Right off the bat some may balk at the thought that High Performance Computing (HPC) has a place in the enterprise. While that may have been the case in the past where it was relegated to academic and research organizations, times have changed. Today, HPC does have a growing place in the enterprise and this post is intended to outline why and how.

Understanding what HPC is and the drivers for change

Essentially, HPC is an incredibly powerful computing infrastructure built specifically to conduct intensive computational analysis. Examples include physics experiments that identify and predict black holes. Or modeling genetic sequencing patterns against disease and patient profiles. In the past year, the Amaro Lab at UC San Diego performed modeling on the COVID-19 coronavirus to an atomic level using one of the top supercomputers in the world at the Texas Advanced Computing Center (TACC). I hosted a webinar with folks from UCSD, TACC and Intel discussing their work here.

Those types of compute intensive workloads are still happening. However, enterprises are also increasing their demand for compute intensive workloads. Enterprises are processing increasing amounts of data to better understand customers and business operations. At the same time, edge computing is creating an explosive number of new data sources.

Due to the sheer amount of data, enterprises are leveraging automation through the form of machine learning and artificial intelligence to parse the data and gain insights while making faster and more accurate business decisions. Traditional systems architectures are simply not able to keep up with the data tsunami.

HPC in the enterprise

This is where HPC enters the enterprise. While traditional HPC companies like Cray may not be household names within the enterprise, companies like HPE are. HPE’s acquisition of Cray and furthermore integrating it into their Greenlake portfolio bridge the gap for enterprises looking to expand their compute capabilities into HPC. This is just one example of companies making the move.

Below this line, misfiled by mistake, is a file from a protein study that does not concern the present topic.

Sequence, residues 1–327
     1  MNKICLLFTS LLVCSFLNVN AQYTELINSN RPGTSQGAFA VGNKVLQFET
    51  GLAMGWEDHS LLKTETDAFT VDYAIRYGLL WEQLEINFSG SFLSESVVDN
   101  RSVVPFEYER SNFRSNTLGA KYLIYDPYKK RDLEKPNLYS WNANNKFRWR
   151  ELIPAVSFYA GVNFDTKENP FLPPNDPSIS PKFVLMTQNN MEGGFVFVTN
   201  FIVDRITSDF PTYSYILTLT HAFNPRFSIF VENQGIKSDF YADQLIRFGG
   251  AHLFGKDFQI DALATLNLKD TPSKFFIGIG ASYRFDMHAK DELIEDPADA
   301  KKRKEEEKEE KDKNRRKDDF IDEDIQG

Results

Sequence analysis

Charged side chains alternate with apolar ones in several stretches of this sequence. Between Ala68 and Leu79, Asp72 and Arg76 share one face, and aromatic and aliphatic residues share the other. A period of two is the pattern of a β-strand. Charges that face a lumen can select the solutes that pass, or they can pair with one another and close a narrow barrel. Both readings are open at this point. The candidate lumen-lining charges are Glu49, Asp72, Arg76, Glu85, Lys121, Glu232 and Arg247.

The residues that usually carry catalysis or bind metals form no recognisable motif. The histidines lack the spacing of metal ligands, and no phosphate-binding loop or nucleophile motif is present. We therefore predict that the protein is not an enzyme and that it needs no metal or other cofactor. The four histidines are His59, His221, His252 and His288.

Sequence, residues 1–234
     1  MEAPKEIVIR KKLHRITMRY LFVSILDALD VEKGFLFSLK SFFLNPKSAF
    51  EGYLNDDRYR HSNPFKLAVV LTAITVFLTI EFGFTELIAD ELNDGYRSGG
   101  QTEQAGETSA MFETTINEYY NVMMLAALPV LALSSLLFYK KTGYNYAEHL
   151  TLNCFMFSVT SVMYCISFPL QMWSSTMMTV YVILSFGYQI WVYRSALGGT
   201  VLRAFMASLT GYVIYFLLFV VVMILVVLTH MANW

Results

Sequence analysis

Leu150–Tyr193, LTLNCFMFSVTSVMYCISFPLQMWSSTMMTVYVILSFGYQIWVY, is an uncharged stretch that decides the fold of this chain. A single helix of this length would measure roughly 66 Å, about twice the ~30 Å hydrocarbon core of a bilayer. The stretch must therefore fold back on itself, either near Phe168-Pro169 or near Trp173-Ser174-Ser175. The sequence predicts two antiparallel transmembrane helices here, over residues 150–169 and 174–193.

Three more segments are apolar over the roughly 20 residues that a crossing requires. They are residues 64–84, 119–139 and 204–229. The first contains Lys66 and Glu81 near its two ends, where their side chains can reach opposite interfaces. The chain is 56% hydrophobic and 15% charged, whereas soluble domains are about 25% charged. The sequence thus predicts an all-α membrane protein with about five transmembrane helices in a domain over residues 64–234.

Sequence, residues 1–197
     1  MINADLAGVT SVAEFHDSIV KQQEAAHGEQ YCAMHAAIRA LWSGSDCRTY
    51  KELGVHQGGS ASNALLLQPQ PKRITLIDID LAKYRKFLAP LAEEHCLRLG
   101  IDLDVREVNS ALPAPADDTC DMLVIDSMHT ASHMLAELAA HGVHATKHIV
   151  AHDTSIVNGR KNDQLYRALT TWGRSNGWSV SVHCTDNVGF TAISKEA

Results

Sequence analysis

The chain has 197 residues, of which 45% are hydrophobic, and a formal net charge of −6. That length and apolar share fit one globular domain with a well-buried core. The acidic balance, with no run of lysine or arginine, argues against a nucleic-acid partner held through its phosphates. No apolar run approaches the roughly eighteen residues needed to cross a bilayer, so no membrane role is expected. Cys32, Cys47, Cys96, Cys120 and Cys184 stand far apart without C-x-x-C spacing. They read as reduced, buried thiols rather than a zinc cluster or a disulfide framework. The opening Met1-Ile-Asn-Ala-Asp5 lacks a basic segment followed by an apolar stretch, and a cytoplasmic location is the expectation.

Over time, HPC architectures are integrating with traditional enterprise architectures to smooth the process of systems integration between the two architectures. In many ways, HPC becomes an extension of the compute capabilities for enterprises.

HPC is not replacing traditional enterprise architectures. It is, however, augmenting in ways that enterprises need as they increase their demand for data processing at scale.

Leveraging HPC: on-premises and in the cloud

There are many ways organizations can leverage HPC environments today. One of those ways is in the cloud using specific instances geared toward intensive workloads and large data sets. The other way is with on-premises systems designed to provide compute intensive workloads with large data sets.

Large enterprises are already working with HPC in their environments both on-premises and in the cloud. There are advantages to both approaches, but often the decision is based on factors including maturity, architecture, data sets, access to cloud, regulatory, compliance and privacy.

Enterprises will need to determine which of the approaches best fits their needs. The one thing that is clear is that HPC is destined for broad enterprise use in the short to near term. As companies look to leverage data in a more meaningful way, the sheer scale of the data coming at them will require a different way of thinking.

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